He is, by all accounts, far and away the position player in the draft. And just the best of a weak class, but highly touted. The kid has 30 hr right now! Plus he is an advanced hitter, good eye and high OBP. Like you said position shouldn’t matter, but the fact he plays 3B helps. He is also athletic and could play RF, so the scouting report goes.

        • GaryLeeT

          You can draft for a current need if the player is coming out of a college program, but out of High School? Obviously not.

          • Tony_Hall

            Really? Most college players still need a year or 2 (if not more) of minor league play. Guys like Appel who people think can start helping in 2014 are the exception, not the rule.

            You draft the best player, especially at the top of the draft, not to fill a hole at the major league level you currently have.

          • GaryLeeT

            Most top ten college draft picks contribute almost immediately. Bryant fits that mold. That was my point. Geez Tony, you and your silly straw men.

          • Tony_Hall

            Most Top 10 contribute immediately….not even close. Many don’t even make it to the majors.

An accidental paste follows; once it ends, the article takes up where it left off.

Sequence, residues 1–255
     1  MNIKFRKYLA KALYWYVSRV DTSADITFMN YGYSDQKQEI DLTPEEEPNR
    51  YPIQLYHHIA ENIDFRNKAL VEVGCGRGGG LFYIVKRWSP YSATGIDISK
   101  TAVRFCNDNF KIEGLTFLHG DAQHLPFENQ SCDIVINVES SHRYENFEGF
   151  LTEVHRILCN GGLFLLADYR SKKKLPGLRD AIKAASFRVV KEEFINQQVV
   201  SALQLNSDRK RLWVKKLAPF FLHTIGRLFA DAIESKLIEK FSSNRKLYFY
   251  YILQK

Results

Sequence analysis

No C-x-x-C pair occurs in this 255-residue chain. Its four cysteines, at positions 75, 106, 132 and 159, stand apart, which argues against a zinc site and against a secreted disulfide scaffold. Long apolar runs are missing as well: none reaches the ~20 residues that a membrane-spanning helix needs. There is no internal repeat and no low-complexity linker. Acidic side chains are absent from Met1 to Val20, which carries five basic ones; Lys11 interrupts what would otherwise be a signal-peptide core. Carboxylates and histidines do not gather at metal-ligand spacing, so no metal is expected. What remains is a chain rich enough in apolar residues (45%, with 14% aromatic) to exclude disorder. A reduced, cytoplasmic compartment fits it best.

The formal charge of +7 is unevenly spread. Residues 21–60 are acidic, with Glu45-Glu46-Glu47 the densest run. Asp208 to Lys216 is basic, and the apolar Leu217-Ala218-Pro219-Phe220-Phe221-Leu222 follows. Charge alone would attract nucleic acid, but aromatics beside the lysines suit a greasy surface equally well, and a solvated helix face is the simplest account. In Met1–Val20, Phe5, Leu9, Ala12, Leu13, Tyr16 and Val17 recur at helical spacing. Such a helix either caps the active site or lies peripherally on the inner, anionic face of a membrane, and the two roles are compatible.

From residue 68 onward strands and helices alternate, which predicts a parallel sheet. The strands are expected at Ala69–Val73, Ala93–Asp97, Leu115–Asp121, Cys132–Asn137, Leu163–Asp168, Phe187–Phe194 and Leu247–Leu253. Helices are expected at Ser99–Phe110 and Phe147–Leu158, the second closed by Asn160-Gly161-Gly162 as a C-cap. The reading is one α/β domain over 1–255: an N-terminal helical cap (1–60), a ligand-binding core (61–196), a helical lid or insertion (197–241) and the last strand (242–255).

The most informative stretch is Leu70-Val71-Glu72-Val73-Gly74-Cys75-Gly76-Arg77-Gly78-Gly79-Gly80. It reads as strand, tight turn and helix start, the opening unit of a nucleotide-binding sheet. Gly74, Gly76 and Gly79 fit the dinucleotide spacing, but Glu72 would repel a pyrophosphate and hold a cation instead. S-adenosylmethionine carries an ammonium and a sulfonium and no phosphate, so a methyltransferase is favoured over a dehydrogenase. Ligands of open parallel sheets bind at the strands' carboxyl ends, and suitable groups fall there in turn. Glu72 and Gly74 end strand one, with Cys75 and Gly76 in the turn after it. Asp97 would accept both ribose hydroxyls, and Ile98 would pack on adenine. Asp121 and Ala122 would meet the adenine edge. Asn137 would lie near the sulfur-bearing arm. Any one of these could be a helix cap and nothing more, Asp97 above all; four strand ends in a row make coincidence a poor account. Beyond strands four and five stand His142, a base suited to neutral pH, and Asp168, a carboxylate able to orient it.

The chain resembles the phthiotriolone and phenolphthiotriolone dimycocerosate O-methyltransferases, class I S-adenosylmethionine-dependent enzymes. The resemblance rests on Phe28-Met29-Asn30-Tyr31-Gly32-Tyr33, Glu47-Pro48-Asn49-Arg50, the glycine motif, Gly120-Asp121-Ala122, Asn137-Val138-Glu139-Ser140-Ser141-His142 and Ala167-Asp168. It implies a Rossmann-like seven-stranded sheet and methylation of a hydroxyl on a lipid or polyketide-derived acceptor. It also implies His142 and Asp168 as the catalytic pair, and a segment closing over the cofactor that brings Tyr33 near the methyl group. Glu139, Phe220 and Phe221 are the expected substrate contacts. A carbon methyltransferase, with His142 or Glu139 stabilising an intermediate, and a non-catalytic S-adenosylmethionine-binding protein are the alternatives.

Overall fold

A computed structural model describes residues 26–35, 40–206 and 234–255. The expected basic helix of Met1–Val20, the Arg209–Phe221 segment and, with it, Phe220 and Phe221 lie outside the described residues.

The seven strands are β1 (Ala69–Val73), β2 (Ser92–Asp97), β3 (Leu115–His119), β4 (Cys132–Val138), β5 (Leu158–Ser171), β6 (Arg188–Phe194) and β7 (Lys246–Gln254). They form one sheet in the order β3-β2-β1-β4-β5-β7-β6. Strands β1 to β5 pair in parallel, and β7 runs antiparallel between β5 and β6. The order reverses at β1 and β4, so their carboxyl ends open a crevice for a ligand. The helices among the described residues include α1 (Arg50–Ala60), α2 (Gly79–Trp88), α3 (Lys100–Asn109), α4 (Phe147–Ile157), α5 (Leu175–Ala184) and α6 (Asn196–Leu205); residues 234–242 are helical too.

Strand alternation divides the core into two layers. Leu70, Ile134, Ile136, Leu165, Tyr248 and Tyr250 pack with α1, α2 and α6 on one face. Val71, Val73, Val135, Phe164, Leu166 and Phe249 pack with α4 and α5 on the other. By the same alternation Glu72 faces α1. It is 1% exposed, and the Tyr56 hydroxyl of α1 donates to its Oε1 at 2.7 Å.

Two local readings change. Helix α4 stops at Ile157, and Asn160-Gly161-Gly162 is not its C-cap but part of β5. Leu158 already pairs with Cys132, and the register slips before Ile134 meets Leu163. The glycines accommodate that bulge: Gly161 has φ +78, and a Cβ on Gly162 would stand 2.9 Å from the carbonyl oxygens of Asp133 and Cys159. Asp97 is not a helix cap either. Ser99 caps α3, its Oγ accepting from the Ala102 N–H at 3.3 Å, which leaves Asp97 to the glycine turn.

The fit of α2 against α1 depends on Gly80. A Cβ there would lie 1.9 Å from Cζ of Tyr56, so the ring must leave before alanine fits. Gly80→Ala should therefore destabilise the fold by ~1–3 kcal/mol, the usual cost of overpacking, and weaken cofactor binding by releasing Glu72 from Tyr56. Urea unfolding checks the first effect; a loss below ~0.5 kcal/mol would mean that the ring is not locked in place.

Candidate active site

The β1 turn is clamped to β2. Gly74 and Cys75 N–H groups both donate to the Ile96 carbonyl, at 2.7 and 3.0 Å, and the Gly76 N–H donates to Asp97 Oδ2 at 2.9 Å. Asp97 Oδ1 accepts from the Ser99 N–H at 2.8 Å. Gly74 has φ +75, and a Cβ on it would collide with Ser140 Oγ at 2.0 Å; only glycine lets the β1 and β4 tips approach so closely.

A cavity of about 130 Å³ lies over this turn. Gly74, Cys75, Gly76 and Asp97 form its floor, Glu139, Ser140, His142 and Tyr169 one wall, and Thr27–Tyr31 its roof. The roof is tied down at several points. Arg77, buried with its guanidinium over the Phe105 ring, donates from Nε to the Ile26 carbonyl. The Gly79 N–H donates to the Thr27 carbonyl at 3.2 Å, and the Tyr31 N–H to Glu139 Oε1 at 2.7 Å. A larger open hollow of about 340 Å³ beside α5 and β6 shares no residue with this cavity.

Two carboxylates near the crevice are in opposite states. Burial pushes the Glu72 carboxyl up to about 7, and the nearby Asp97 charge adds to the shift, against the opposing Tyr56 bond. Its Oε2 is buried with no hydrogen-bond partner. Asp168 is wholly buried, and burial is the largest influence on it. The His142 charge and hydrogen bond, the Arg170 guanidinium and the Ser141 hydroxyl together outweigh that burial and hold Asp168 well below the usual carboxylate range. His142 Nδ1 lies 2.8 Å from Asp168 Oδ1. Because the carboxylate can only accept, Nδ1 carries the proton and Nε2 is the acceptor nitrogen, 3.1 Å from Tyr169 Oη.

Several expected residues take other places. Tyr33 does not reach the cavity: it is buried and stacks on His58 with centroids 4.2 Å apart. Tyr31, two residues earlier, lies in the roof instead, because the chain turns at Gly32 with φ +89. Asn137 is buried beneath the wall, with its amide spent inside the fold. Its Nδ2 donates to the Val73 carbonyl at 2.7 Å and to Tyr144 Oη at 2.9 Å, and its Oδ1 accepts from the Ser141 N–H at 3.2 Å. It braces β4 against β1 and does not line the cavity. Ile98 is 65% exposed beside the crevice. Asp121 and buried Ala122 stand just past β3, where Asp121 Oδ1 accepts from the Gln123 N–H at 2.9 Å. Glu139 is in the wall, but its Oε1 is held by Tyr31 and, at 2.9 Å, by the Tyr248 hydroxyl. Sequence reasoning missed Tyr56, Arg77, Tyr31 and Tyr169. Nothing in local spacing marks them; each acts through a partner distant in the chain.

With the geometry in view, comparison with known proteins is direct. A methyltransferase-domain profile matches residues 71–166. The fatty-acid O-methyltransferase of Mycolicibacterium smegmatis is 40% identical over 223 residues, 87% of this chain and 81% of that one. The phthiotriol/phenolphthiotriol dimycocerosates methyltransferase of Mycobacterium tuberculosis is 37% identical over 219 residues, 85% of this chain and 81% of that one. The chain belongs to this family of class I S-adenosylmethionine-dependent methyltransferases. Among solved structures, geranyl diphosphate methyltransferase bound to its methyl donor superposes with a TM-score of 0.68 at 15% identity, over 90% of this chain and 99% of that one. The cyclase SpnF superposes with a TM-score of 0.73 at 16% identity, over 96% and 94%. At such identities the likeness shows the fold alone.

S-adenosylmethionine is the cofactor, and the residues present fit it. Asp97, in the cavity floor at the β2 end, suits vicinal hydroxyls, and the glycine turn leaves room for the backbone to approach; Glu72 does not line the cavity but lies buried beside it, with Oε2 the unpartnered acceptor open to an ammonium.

Have no clue what silly straw men means.

            Not 1 of the Top 10 from 2012 have contributed.

            2011 is starting to get close, with a few that have been up. Bauer is the most. Here is all the Top 10

            Gerrit Cole
            Danny Hultzen
            Trevor Bauer
            Dylan Bundy
            Bubba Starling
            Anthony Rendon
            Archie Bradley
            Francisco Lindor
            Javier Baez
            Cory Spangenberg.

            2010 (3 years ago)

            Bryce Harper, Manny Machado, Matt Harvey….that’s it.

            2009 (4 years ago)
            Stephan Strasburg, Dustin Ackley, Mike Minor, Mike Leake, Drew Storen. That’s only half that have even made the majors.

          • GaryLeeT

            They were all drafted out of college?

          • Tony_Hall

            No that is ALL from high school or college.

            The only guys from college would be a couple of them in the last 4 years. Just doesn’t happen very often and even then, usually takes a few years.

          • GaryLeeT

            They are all more than a year away from appearing in the Big Leagues? I bow to your genius great soothsayer.

          • Tony_Hall

            Sorry, you are just plain wrong on this, no team drafts a college player from need.